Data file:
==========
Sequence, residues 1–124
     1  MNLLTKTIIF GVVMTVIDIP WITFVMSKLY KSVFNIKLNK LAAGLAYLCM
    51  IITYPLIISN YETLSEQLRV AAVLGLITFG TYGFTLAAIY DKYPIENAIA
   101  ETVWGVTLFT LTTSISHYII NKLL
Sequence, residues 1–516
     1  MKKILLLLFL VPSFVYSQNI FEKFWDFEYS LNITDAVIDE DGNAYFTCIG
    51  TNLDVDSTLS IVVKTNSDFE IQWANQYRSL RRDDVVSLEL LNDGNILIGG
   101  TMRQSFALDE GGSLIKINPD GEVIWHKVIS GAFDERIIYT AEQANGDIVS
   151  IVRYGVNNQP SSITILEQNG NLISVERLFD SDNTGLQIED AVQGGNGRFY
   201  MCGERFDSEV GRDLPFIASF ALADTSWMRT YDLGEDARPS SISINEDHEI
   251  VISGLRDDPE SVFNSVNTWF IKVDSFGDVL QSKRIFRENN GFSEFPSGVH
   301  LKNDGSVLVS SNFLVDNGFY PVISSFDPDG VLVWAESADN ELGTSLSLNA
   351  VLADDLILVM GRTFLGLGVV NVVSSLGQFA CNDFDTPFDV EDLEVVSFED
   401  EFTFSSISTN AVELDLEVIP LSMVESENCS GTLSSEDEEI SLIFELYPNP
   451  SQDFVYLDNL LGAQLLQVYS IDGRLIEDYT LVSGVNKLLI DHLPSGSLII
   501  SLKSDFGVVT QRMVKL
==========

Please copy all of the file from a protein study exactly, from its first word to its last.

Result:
Sequence, residues 1–124
     1  MNLLTKTIIF GVVMTVIDIP WITFVMSKLY KSVFNIKLNK LAAGLAYLCM
    51  IITYPLIISN YETLSEQLRV AAVLGLITFG TYGFTLAAIY DKYPIENAIA
   101  ETVWGVTLFT LTTSISHYII NKLL
Sequence, residues 1–516
     1  MKKILLLLFL VPSFVYSQNI FEKFWDFEYS LNITDAVIDE DGNAYFTCIG
    51  TNLDVDSTLS IVVKTNSDFE IQWANQYRSL RRDDVVSLEL LNDGNILIGG
   101  TMRQSFALDE GGSLIKINPD GEVIWHKVIS GAFDERIIYT AEQANGDIVS
   151  IVRYGVNNQP SSITILEQNG NLISVERLFD SDNTGLQIED AVQGGNGRFY
   201  MCGERFDSEV GRDLPFIASF ALADTSWMRT YDLGEDARPS SISINEDHEI
   251  VISGLRDDPE SVFNSVNTWF IKVDSFGDVL QSKRIFRENN GFSEFPSGVH
   301  LKNDGSVLVS SNFLVDNGFY PVISSFDPDG VLVWAESADN ELGTSLSLNA
   351  VLADDLILVM GRTFLGLGVV NVVSSLGQFA CNDFDTPFDV EDLEVVSFED
   401  EFTFSSISTN AVELDLEVIP LSMVESENCS GTLSSEDEEI SLIFELYPNP
   451  SQDFVYLDNL LGAQLLQVYS IDGRLIEDYT LVSGVNKLLI DHLPSGSLII
   501  SLKSDFGVVT QRMVKL